We live in a time of great political and social change (and even a little upheaval) and I think new blood is generally helpful to seeing the process through to more positive results.
On the other hand, I wouldn't blame Democrats for being a little peeved at the guy for waiting so long to announce. There are just six months until the election, and six months in American political language are, like, a couple of minutes (oh what I wouldn't give for the Brits' abbreviated campaign season). Jack over at the Sconz rightly suggests that "the Dems are pissed. He should have announced earlier, and given them some time to develop a candidate." Conversely, he goes on to note that Obey dropping out earlier might have actually helped the fundraising efforts of his opponents, especially since "Republican donors were less likely to give to a hopeless campaign against an entrenched incumbent than a campaign for an open seat in a swing district."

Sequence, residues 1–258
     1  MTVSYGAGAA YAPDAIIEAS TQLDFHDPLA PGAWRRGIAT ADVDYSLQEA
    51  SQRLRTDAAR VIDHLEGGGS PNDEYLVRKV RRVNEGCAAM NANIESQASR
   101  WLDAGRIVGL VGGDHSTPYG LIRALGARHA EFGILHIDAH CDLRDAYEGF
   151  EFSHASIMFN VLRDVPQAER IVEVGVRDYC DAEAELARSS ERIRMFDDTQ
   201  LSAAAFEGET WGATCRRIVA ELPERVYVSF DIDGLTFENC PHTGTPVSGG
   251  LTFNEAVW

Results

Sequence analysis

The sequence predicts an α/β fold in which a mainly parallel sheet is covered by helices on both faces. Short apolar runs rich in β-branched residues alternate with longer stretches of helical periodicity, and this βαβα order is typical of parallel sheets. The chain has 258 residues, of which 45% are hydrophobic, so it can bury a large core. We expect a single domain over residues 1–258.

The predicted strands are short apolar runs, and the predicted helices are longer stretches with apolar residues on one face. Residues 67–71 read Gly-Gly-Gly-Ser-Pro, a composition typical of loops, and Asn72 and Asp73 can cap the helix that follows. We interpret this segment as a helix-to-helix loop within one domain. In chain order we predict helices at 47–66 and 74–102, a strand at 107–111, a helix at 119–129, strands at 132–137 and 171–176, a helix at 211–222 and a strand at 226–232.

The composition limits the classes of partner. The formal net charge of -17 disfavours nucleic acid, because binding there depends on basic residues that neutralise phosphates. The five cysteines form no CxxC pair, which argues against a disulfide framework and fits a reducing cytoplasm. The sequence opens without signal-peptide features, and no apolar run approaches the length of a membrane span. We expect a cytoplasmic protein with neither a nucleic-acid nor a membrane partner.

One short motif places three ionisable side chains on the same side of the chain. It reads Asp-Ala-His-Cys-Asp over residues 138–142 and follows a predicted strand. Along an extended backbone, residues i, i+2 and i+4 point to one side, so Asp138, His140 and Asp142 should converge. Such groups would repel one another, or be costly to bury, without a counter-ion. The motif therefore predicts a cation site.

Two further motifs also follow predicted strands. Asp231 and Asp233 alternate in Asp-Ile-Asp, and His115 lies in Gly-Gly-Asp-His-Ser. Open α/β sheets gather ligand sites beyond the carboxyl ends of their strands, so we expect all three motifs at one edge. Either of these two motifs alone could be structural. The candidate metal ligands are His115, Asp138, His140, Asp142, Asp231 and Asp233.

Hard to say.
Republicans, of course, are champing at the bit to see one of their own elected in his stead. It seems the 7th has been fairly staunchly on Obey's side for much of the past 40 years, so I'm not sure how likely that is but it will depend a great deal on the candidates fielded by all parties, no matter how confident Dems claim to feel at the moment.
At the moment, Republicans only seem to have two candidates and they spend more time fighting with each other than talking about what they can do for the 7th. Former MTV reality star turned District Attorney Sean Duffy has the mixed-bag support of Sarah Palin going for him, but he loses GOP street cred for actually taking a slightly less-crazy stance on gay rights (he opposes gay marriage but supports "legal contracts"/civil unions). Dan Mielke, the other Republican challenger, appears to full-on dislike the gays and subscribes to most of the other Neo-Con's Favorite Hits, but to his credit seems to love him some organic and local farming.